May 26, 2011

How to Be a Better IT Manager

Managing an IT department is not an easy task and not everyone is cut out for it. Just because you’re good at what you do, however, it doesn’t mean there’s no room for improvement. Here are some steps you can take to being even a better IT manager.

  1. Invest time and money into developing your staff. Information technology is an ever-changing field, and learning new technologies is not only something your staff will appreciate, but something that will enable them to perform at their best. Budget for training and development and encourage staff to participate. Don’t overlook the value of cross-training, especially if you have a large IT group and there are tasks currently being performed by one person. Training others to do those tasks will prove worthwhile if there is ever a staff shortage. Also look into free regional workshops and presentations or in-house training if you have a tight budget.
  2. Get to know what each person’s job responsibility entails, not so you can randomly jump in and try to do the job yourself, but to foster respect from your staff and increase your credibility as a manager whenever a difficult situation arises.
  3. Learn what your staff does, but don’t do it for them. You may be able to do it better, or even show them a better way to do it, but you need to able to step back and let your staff learn and grow.
  4. Know the business and make sure the business knows you. An understanding of the business you support is important. A better IT manager uses his understanding of his business’ goals to build services and infrastructure to support those goals. He will make sure his direct reports are aware of how their work affects business goals and ensure that business administrators understand how IT is beneficial for them. Develop annual reports, frequent project updates and regular communications to showcase your department’s activities.
  5. Keep the lines of communication open between you and your staff. Unless it’s of a confidential nature, you shouldn’t hoard information. On the flip side, if you feel you are not getting important information, find ways to improve communication.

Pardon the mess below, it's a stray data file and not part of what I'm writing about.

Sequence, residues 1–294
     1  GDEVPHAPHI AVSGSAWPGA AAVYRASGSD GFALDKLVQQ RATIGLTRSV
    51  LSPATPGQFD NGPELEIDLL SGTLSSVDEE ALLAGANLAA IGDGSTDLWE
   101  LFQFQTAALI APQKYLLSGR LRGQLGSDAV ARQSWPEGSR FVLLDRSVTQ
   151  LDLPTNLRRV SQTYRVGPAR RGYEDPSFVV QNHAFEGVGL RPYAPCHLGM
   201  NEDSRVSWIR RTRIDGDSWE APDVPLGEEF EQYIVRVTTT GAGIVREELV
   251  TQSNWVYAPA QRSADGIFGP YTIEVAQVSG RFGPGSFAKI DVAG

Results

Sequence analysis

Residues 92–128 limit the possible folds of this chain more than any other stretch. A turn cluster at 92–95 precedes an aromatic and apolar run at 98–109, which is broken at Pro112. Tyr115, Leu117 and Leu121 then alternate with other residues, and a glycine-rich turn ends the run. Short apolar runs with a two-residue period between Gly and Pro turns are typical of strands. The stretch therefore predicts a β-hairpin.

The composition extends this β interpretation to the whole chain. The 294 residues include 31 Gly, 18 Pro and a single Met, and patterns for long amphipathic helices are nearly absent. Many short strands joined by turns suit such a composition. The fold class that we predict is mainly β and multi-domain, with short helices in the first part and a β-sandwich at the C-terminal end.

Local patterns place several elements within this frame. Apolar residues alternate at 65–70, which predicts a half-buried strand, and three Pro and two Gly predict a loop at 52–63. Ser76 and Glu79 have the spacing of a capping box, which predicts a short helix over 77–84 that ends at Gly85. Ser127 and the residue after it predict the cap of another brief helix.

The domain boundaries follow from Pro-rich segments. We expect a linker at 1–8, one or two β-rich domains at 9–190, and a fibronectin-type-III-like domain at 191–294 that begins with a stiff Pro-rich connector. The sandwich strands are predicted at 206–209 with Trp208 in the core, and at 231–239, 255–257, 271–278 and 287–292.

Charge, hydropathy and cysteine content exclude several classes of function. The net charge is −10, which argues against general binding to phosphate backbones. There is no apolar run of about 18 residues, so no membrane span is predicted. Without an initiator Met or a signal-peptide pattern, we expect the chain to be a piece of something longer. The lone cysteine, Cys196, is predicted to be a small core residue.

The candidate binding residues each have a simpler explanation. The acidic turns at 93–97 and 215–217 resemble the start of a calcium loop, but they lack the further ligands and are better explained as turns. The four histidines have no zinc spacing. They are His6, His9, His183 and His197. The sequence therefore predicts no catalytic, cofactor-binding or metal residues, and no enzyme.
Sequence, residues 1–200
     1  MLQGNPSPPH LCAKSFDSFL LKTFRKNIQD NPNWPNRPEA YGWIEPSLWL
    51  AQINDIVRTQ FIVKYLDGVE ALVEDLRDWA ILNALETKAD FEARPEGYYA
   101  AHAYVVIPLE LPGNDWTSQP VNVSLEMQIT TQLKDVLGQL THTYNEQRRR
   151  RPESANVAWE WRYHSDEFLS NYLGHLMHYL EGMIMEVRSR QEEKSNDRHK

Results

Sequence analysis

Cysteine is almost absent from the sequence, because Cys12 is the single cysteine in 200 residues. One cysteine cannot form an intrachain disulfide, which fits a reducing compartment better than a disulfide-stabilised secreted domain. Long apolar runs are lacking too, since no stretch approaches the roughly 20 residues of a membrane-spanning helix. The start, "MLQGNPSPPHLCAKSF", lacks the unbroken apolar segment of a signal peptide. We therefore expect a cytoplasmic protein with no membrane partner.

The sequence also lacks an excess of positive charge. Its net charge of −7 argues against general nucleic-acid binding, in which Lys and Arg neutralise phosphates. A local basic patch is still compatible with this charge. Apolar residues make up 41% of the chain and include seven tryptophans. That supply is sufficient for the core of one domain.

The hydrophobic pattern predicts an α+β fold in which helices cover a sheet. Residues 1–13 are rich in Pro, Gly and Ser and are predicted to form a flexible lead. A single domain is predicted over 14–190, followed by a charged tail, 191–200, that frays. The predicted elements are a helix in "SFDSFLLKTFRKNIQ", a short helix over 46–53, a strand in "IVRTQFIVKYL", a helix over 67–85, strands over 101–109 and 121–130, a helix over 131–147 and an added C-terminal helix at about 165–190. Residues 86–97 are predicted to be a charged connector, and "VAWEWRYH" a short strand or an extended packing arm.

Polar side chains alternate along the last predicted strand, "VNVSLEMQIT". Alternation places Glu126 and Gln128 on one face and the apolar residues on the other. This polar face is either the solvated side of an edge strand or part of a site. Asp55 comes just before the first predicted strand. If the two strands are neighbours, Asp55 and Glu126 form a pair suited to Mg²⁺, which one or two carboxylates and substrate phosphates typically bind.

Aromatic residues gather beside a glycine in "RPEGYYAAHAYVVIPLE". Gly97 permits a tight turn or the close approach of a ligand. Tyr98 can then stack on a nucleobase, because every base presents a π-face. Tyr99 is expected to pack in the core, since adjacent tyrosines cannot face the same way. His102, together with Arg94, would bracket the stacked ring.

6. Encourage teamwork among staff. Teamwork and collaboration will keep your department running smoothly and eliminate the isolation that often occurs in technical departments. Develop an environment where staff will feel comfortable asking for and giving assistance to each other.
  7. Provide regular feedback. Let your staff know they’re doing a good job, as well as what needs improving. You can do this via performance reviews, one-on-one meetings or at a company meeting or event where employees are rewarded for exemplary performance.
  8. Make good hiring decisions, even if it means involving your staff in the hiring process, especially if you’ve never done it before. You want to select an employee who will integrate well with your staff, and making the wrong selection can be more costly in the long run than not hiring anyone at all.
  9. Learn and understand best IT practices that apply to your department and measure yourself and your team against them. Review the Information Technology Infrastructure Library (ITIL) and determine if you should implement portions of it in your department. Make sure you have an updated disaster recovery plan that is ready for action when necessary.
  10. Be the best project manager you can be. Consider getting formal project management training if you haven’t had any. Good project management skills will go a long way toward more project successes and less project failures. Train your lead staff with basic project management skills as well, so you can delegate portions of or entire projects to their control.

If you’ve come up through the technical ranks, it’s easy to confuse superior technology understanding with effective management. However, technical management is, at its core, management of people of and processes – very much like working with any other department. If you continue to advance your management skills and the success of the individuals that you manage, it will be easier to take the next step in your career.

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Marie is a writer for covering career advice, recruitment topics, and HR issues. She has an educational background in languages and literature as well as corporate experience in Human Resources.